“OMG, have you read the theater etiquette article yet?” “You totally need to read this awesome article.” “YAAAASSSS to everything she says in this piece.”
These were the messages I was bombarded with via email and social media two weeks ago when TimeOutNew York published writer/performer Amanda Duarte’s article, Sit down, shut up and clap: A guide to theater etiquette.
And folks were right to squeal about how good it is. In the article, Duarte, with her potty-mouthed sass and amusingly straight to the point writing style, lays out her unequivocal ground rules for theater audience behavior. Rules that I can absolutely get behind. “Sit the fuck down”, she says. Yup, I’m on board with that. Find your seat and get to it. “Sit the Fuck Still”. If that means don’t kick my chair or go to the restroom three times during a show, count me in. “Turn. Off. Your. Cellular. Device.” Hell yes. “Wear clothing….Be Healthy”. Check and check.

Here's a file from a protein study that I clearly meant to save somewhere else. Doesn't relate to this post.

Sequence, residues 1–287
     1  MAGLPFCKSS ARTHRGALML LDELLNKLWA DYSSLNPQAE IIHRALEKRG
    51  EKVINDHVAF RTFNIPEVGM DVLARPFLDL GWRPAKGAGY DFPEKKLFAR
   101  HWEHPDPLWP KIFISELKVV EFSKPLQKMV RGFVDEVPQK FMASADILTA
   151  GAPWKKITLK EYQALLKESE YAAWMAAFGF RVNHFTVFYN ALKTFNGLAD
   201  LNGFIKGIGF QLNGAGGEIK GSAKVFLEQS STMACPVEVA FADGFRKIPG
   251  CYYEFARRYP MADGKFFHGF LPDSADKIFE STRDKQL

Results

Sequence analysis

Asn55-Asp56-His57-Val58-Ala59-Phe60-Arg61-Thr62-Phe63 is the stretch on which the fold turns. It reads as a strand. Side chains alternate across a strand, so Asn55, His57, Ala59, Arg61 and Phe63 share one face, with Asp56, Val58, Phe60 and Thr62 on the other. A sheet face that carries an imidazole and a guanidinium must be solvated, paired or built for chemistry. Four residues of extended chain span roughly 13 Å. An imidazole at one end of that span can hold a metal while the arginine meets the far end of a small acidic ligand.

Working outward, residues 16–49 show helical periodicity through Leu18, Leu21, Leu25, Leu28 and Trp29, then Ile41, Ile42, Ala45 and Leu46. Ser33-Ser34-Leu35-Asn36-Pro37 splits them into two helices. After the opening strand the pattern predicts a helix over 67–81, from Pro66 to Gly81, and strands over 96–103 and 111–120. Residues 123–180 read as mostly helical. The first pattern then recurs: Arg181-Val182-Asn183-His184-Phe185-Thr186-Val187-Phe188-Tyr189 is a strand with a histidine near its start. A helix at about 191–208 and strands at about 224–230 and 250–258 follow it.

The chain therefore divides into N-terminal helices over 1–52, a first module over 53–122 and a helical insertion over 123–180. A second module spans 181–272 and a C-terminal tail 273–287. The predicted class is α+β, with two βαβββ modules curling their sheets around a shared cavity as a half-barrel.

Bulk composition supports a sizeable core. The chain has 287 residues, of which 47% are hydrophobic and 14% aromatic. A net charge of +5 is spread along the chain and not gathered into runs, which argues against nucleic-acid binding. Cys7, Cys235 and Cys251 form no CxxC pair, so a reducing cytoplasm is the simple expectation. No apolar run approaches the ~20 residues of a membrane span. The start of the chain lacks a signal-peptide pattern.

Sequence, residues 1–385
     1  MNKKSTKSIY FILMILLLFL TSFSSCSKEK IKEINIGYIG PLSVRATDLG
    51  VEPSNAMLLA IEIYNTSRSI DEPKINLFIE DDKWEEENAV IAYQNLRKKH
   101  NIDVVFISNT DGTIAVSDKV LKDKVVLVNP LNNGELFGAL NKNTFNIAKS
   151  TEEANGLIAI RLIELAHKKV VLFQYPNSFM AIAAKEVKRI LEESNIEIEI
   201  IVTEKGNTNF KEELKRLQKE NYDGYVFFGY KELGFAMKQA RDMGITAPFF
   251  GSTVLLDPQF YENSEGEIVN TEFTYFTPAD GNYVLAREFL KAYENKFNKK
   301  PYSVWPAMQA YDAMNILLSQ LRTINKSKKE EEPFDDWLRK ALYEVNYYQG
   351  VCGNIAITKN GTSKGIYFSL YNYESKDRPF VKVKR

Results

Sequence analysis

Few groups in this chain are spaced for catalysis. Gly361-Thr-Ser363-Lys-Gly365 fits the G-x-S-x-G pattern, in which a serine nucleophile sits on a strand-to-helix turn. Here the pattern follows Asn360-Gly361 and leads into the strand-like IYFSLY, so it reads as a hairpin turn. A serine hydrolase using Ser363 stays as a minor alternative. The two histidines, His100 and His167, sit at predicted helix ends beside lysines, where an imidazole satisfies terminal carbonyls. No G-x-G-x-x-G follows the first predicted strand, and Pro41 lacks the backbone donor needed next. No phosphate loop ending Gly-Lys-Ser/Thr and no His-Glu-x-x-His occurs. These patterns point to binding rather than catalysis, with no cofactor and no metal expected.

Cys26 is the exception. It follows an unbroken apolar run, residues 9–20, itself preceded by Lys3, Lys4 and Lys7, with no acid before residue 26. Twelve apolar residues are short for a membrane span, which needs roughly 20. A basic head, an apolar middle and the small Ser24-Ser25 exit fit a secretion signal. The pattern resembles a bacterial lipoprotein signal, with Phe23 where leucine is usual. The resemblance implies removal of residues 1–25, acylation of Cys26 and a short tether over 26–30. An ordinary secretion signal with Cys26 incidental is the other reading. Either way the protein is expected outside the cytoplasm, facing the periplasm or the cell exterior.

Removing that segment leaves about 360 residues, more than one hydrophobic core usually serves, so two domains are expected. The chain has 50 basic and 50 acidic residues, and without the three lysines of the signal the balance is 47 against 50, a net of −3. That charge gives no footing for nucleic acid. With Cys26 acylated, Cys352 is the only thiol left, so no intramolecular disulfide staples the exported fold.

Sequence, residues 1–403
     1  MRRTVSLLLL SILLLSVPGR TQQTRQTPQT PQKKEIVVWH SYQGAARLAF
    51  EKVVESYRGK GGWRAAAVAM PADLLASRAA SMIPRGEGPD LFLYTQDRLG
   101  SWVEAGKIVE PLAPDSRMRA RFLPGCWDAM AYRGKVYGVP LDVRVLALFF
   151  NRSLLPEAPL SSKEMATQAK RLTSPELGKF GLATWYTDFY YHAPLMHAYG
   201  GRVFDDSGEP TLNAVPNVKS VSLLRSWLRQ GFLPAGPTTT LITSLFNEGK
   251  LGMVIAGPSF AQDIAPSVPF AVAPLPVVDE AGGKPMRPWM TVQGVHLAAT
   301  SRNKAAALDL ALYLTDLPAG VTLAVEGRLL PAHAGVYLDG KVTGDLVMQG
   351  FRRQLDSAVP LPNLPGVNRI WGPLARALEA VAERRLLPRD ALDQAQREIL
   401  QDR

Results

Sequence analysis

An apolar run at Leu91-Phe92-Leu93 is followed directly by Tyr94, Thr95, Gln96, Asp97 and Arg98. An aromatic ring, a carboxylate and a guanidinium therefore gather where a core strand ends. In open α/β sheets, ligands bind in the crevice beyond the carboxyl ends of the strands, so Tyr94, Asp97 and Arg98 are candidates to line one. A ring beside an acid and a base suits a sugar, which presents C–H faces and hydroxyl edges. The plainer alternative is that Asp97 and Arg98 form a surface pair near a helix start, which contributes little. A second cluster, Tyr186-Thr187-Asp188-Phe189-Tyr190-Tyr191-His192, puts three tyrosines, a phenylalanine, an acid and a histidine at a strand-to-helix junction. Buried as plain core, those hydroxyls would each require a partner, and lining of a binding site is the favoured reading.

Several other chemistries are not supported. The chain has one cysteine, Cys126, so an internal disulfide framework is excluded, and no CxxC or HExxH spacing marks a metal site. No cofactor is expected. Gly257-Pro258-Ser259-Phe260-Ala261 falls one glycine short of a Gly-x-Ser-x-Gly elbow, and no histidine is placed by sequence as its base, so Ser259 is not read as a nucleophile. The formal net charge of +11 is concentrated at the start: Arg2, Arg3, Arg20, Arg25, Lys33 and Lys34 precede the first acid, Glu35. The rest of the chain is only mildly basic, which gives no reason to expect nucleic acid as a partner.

However, one of Duarte’s rules screetched my full agreement to an abrupt halt.
“Shut the fuck up,” she says. And by this, she doesn’t just mean no sidebar conversation about your date last night or whispers back and forth about the show. She means no noise at all. “Do not talk back to the actors. Do not sing along with the singers. Do not emit satisfied hums to let everyone around you know that you really got that James Joyce reference. We all got it. We’re just not narcissistic goats about it.”
Here’s the thing, anyone in Houston who has spent time at The Ensemble Theatre, one of our nation’s largest African American theaters, knows that audience silence is not golden there. In fact, talking back to the actors, singing with the singers and emitting satisfied hums is the norm. I’d even say it’s a big part of the experience (and joy) of seeing a show at Ensemble.